We do not provide advice to investors and the information on this website should not be construed as such. The information which appears on our website is for information purposes only and does not constitute specific advice. Neither does it constitute a solicitation, offer or recommendation to invest in or dispose of, any investment. If you are in any doubt as to the suitability of an investment, you should seek independent financial advice.
The value of investments can go down as well as up. Unlisted investments are more volatile than quoted shares.
CoInvestor does not provide financial or taxation advice and you should always consult a financial expert or taxation specialist in order to fully understand the possible consequences of investment in a CoInvestor product. The current levels of taxation and tax reliefs may change in the future. Tax relief depends on an investor's individual circumstances, and we recommend that you seek specialist tax or financial advice before investing.
Please note that any reference made to past performance or forecasted performance is not a reliable indicator of future results.
Investment through CoInvestor involves buying shares (equity) in small and medium sized businesses which, by nature of their size, may involve significant risk. Many small and medium sized businesses fail or do not grow as planned. It is likely that you may lose all, or some of your investment and you should therefore only invest an amount that you can afford to lose.
Shares in small and medium size businesses cannot easily be sold and it is very unlikely that there will be a secondary market for the shares that you acquire. This means that you are unlikely to be able to sell your shares until and unless the investee company floats on a stock market or securities exchange, or is bought by another company. Even for a successful business, a flotation or purchase is unlikely to occur for a number a years from the time you make your investment.
Rarity of Dividends
Small and medium sized businesses are rarely able to pay dividends. This means that if you invest in a business through the platform, even if it is successful and grows substantially, you are unlikely to see any return of capital or profit until you are able to sell your shares in the investee company. This is unlikely to occur for a number of years from the time you make your investment.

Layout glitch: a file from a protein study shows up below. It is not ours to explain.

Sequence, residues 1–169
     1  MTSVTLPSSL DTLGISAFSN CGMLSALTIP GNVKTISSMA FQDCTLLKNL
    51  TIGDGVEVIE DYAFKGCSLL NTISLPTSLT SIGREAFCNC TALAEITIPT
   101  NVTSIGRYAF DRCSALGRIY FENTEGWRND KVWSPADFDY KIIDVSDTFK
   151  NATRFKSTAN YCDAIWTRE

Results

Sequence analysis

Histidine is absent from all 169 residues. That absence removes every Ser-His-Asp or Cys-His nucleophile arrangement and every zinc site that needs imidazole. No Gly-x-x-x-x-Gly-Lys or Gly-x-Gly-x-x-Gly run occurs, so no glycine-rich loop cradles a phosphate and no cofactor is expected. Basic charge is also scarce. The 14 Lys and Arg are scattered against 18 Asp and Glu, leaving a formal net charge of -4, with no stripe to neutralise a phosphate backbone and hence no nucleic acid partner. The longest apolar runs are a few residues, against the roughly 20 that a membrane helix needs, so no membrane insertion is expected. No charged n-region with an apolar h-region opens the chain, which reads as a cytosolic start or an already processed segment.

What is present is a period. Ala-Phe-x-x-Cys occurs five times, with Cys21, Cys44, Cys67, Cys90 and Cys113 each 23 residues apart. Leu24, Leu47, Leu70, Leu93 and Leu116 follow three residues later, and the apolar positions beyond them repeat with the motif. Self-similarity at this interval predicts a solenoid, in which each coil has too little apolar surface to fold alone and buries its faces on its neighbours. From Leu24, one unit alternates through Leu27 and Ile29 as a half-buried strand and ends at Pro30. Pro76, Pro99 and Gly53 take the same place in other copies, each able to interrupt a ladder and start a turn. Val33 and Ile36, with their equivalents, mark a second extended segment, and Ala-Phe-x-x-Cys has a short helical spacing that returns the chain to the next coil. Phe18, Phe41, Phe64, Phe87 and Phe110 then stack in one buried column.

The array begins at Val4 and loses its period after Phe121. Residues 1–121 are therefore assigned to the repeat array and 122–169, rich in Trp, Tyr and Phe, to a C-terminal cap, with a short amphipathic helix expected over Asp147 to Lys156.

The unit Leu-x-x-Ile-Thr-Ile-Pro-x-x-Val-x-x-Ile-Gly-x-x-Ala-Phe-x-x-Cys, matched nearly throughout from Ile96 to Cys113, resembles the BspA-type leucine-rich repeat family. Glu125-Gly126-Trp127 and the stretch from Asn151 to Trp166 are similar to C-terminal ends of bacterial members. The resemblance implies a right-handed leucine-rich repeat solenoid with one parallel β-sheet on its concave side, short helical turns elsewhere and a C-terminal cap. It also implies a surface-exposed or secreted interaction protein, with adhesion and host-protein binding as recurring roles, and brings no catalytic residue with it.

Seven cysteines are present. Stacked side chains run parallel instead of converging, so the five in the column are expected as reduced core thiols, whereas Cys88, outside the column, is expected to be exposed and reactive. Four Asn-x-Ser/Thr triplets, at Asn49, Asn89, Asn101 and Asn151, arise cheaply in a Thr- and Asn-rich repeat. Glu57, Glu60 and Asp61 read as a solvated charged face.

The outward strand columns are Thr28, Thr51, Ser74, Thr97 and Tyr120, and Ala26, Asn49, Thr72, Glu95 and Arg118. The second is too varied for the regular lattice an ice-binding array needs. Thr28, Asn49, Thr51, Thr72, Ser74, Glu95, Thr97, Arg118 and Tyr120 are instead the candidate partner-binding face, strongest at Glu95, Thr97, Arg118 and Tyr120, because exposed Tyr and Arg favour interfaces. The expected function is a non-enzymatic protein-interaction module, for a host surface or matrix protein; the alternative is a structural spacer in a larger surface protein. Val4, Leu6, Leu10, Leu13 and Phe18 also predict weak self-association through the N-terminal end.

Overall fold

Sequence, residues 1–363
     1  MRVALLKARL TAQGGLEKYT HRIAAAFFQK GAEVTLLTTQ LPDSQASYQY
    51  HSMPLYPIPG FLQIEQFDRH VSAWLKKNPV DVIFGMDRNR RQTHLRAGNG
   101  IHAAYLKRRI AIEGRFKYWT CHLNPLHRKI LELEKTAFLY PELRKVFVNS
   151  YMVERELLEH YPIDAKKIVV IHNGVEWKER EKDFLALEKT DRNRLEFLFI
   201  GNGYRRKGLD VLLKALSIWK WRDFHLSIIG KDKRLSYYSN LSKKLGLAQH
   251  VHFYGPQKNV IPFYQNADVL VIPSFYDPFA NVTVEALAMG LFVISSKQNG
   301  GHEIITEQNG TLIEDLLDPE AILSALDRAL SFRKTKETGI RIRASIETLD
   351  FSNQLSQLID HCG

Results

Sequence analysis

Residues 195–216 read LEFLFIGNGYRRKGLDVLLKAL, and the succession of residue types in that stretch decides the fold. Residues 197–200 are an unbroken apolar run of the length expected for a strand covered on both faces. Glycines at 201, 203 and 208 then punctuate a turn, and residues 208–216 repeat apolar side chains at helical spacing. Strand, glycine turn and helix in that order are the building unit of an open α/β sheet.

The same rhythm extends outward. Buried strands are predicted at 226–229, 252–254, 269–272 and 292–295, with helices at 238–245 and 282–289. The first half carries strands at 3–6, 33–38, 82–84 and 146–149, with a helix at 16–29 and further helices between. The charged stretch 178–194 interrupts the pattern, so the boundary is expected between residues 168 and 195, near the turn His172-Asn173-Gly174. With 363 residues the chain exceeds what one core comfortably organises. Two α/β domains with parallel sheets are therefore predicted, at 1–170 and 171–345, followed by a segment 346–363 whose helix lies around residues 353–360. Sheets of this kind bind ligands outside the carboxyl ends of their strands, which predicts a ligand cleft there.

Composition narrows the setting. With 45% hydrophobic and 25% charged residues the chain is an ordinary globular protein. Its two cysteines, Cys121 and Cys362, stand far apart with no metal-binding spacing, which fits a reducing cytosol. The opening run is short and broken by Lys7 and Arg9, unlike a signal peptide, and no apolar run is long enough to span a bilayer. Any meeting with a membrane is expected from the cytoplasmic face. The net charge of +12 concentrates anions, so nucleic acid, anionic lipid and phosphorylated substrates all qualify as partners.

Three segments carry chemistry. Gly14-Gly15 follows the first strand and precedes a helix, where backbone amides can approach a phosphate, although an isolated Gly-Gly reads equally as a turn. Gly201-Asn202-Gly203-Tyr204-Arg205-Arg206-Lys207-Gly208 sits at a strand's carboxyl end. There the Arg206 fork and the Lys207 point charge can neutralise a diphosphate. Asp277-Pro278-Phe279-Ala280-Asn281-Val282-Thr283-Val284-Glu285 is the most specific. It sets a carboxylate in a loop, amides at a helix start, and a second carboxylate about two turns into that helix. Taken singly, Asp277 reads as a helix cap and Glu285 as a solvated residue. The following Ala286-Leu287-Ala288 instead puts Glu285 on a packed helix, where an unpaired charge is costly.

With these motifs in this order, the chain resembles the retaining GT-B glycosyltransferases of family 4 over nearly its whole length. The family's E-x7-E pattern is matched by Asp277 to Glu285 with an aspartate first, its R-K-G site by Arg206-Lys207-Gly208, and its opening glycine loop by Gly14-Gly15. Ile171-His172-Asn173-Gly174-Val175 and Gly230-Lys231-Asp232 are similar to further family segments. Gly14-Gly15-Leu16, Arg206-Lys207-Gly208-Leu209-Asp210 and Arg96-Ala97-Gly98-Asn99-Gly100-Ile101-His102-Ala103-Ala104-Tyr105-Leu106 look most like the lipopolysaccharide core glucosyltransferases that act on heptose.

Any investment you make is likely to be subject to dilution. This means that if the business raises additional capital at a later date, it will issue new shares in the investee company to the new investors, and the percentage of the investee company that you own will decline. These new shares may also have certain preferential rights to dividends, sale proceeds and other matters, and the exercise of these rights may work to your disadvantage. Your investment may also be subject to dilution as a result of the grant of options (or similar rights to acquire shares) to employees of, service providers to, or certain other parties connected with, the investee company.
Transfer of funds
CoInvestor will never request your bank details or ask you to transfer funds to a CoInvestor account. When making an investment through CoInvestor, all digital application forms are completed through the platform after logging in and will never be arranged outside of the platform.
We will never ask you for money. If you have been contacted by an individual on social media claiming to be from CoInvestor and are being asked to invest, these claims are not legitimate and have no affiliation with CoInvestor. Please report these accounts directly to Action Fraud at https://www.actionfraud.police.uk/.
If you have any questions, please speak to us using the live chat icon at the bottom right of the screen.